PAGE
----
Machine vision works nowadays. Machines can: navigate using vision; separate object from background; recognise a wide variety of objects, and track their motion. These abilities are great spin-offs in their own right, but are also part of an extended adventure in understanding the nature of intelligence through visual perception.

The speaker was Laboratory Director at Microsoft Research, Cambridge and his team was behind the the Kinect technology. He is now Research Director at the Turing Institute.

The lecture covered the history of machine vision over the last 50 years, the rise and fall of different approaches to AI over the decades, and finally the recent successes of analysis-by-synthesis and empirical recognisers.

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C++ London Meetup: Dependency Injection and Clang Tooling

meetup-c-londonPhil Nash organised another C++ London meet-up at SkillsMatter last week. The first talk was by Pete Goldsborough, who gave a rapid overview of the Clang tooling libraries. The second talk was by Kris Jusiak, who talked through the motivation and usage of his Boost::DI dependency injection library. This was more relevant to my work because Kris’s example showed how Boost.DI aims to reduce the overhead in setting up test scenarios for GTest/GMock. I’ve been pretty happy with the way my unit tests look so far, but next time I’ll definitely look at whether his injector object could simplify my code.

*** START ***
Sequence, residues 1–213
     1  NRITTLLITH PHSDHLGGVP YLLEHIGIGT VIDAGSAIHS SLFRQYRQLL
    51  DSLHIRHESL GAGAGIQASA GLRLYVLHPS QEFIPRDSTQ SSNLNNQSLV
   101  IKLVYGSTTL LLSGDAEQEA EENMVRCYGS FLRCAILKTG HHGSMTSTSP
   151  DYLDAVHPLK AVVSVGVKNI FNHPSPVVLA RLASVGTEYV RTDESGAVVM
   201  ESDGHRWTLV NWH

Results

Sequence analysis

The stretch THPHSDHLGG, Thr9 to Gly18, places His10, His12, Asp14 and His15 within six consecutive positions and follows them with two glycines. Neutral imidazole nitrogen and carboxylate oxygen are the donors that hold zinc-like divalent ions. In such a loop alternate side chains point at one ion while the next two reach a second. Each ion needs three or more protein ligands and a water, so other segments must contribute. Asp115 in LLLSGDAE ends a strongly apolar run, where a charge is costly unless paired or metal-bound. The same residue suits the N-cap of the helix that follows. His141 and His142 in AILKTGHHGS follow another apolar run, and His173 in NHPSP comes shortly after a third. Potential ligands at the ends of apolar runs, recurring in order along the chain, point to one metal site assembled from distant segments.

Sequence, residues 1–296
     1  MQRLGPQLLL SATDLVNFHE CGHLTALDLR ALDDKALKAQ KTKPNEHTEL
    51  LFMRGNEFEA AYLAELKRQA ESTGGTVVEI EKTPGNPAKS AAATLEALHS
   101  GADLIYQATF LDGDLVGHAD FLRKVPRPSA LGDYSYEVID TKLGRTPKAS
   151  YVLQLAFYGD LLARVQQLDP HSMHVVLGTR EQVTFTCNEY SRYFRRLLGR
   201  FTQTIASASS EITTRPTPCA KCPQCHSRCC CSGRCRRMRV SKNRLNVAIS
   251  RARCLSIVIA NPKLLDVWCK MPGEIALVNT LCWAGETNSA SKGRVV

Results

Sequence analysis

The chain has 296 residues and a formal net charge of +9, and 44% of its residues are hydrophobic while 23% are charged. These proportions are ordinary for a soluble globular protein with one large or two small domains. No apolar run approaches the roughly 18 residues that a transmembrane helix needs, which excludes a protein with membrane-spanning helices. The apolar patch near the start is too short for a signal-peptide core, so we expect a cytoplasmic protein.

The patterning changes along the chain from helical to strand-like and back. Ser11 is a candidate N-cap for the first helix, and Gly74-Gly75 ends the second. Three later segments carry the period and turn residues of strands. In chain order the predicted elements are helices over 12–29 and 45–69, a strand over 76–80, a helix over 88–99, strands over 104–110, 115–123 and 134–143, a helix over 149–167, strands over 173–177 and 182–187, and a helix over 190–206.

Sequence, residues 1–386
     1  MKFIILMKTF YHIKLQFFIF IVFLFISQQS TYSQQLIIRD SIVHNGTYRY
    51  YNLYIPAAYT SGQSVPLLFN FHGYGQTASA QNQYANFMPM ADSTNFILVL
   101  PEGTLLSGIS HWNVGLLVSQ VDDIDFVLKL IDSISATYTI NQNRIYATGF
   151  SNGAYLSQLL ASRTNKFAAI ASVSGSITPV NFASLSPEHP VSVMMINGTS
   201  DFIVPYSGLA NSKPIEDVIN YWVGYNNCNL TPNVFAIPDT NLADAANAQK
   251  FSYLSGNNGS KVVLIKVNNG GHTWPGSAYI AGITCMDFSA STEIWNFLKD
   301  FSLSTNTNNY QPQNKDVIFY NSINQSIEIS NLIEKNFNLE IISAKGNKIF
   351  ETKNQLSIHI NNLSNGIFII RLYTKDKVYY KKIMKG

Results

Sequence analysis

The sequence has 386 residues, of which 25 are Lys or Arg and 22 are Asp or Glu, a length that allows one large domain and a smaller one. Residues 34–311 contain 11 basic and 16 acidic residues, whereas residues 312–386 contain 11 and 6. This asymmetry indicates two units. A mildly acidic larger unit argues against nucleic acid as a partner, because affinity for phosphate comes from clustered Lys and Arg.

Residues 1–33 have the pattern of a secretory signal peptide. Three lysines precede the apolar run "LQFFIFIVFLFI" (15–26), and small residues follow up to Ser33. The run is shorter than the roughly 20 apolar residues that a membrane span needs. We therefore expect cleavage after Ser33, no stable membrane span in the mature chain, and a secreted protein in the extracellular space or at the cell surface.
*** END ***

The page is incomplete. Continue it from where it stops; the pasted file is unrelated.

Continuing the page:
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ACCU Meetup: A Visual Perspective on Machine Learning, Maksim Sipos

meetup-machine-learningMaksim gave a very interesting presentation on Machine Learning, from his perspective as a physicist.

Machine Learning, AI and NLP are some of the most exciting emerging technologies. They are becoming ubiquitous and will profoundly change the way our society functions. In this talk I hope I can provide a unique perspective, as someone who has entered the field coming from a more traditional Physics background.